Monday, February 15, 2010

“And/or” and the (un)lawyerly practice of weaseling

2nd in the and/or series

And/or isn't always a weasel word ["a word that makes one's views equivocal, misleading, or confusing"], but even when not, it conveys a weaseling, equivocal style. You might think when an obfuscator uses and/or, he is trying to imply he carries the lighter burden of or when and is required, but that isn't how this obfuscation typically works. The obfuscatory use of and/or usually involves substituting it for or when the conjunction means exclusive or. The purpose isn't to confuse the reader about the conjunction required—for that, a particularly stupid reader would be required—but to distract from the disjuncts' exclusivity, which is for another reason embarrassing to the writer's argument. A simple example, just to convey the idea, is the advice "at the dead end, turn right and/or left," which makes the absurdity obvious to convey the method of misdirection. Directing someone to go right or left at a dead end is uninformative, and "turn right and/or left" denies their exhaustive character, the source of their ridiculousness. The following realistic example of weaseling is taken from a recent court opinion. Judge Armendariz states for the California State Bar Court:
Respondent knew that 'Bole' did not stand for the proposition he claimed and/or he knew it was not a reliable precedent.
"Nonprecedential" means the case doesn't deal with the subject claimed; "unreliable" means other cases supersede Bole. Either Respondent knowingly cited a nonprecedential case, in which case whether it was reliably precedential doesn't pertain; or Respondent cited a case he knew was unreliably precedential, in which case the court must concede that the case is colorably precedential. Here, the mutually exclusive character of the disjuncts embarrasses the court's argument because the court would have to know whether the case is nonprecedential or unreliable to credibly charge Respondent with either. The court's weaseling here is sly, as is clear if the reader reviews the incident. The trial court in which Respondent had cited Bole had claimed it stood for something else; the State Bar Court couldn't support the judge's contention but could justify the alternative characterization "unreliable," although the trial court hadn't confronted Respondent with it. The court's weaseling occurs because neither disjunct is satisfied, the and/or serving to muddy readers' understanding of the terms. If Judge Armendariz wrote, "Respondent knew that Bole did not stand for the proposition he claimed or he knew it was not a reliable precedent," she would evoke the reader's criticalness.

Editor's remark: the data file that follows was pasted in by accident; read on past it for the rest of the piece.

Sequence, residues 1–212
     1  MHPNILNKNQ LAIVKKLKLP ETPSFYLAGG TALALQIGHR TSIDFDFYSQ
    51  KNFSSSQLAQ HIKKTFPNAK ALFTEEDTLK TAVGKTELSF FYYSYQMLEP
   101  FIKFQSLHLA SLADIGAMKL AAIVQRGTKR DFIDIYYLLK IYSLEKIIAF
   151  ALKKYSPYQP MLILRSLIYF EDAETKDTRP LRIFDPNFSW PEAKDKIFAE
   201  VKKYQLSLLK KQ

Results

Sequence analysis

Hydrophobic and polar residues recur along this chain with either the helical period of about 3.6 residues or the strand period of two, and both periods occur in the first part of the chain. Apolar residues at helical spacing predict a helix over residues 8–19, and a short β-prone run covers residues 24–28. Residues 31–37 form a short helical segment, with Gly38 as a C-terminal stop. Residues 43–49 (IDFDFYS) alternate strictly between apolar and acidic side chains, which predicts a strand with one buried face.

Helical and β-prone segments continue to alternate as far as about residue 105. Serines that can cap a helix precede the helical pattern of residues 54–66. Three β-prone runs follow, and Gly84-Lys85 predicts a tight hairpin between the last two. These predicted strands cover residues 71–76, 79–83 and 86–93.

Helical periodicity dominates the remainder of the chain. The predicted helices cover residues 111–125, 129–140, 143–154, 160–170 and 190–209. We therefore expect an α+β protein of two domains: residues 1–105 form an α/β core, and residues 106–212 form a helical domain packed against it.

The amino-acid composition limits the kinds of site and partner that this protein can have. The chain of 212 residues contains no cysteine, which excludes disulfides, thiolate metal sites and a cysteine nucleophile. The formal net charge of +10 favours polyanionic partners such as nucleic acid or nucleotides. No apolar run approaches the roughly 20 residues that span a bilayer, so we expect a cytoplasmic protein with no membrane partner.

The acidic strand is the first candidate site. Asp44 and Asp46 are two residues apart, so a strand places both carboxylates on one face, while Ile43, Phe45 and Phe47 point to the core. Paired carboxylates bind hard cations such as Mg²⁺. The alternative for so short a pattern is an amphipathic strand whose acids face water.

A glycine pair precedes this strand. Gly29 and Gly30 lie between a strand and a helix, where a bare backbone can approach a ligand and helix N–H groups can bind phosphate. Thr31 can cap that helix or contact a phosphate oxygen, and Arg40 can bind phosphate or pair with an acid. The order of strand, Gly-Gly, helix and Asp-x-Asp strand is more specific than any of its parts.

When and/or doesn't directly serve as weaseling's instrument, the construction conveys an attitude tolerant of weaseling which at the least shares with weaseling an indifference to precision, an attitude that cries, "Why admit anything more than I'm required to?" even if the lawyer can avoid admitting an immaterial truth only by equivocation. And/or resembles in this respect other weaseling expressions, such as routine replacement of precise dates in pleadings with "on or around" or "1 to 15 inclusive" for an exhibit list, although 1 to 15 already implies 15's inclusion.

Although most instances of and/or use are not directly obfuscatory like Judge Armendariz's Bole finding, they help camouflage instances that directly obfuscate. The same court that made the overt obfuscation included the phrase and/or ten times in the 48-page opinion, and the opinion can supply examples for the other types of and/or misuse, which camouflaged the insidious Bole-related misuse.

The remaining categories are substituting and/or for and substituting it for or. First, and/or for and:

[B]y repeatedly making speaking objections, gratuitous comments, asking the identical or near identical question to questions that had been asked and/or objections sustained to and arguing in front of both juries…
The charges assert that Respondent supposedly did all these things repeatedly. Hedging with or doesn't fool anyone and isn't intended to, at least not directly.

The court substitutes and/or where or is correct in this example:
He repeatedly badgered, berated, screamed, yelled, and/or raised his tone at witnesses and the court, despite court warnings, admonitions, and orders not to do this and instructions to calm down and act professionally.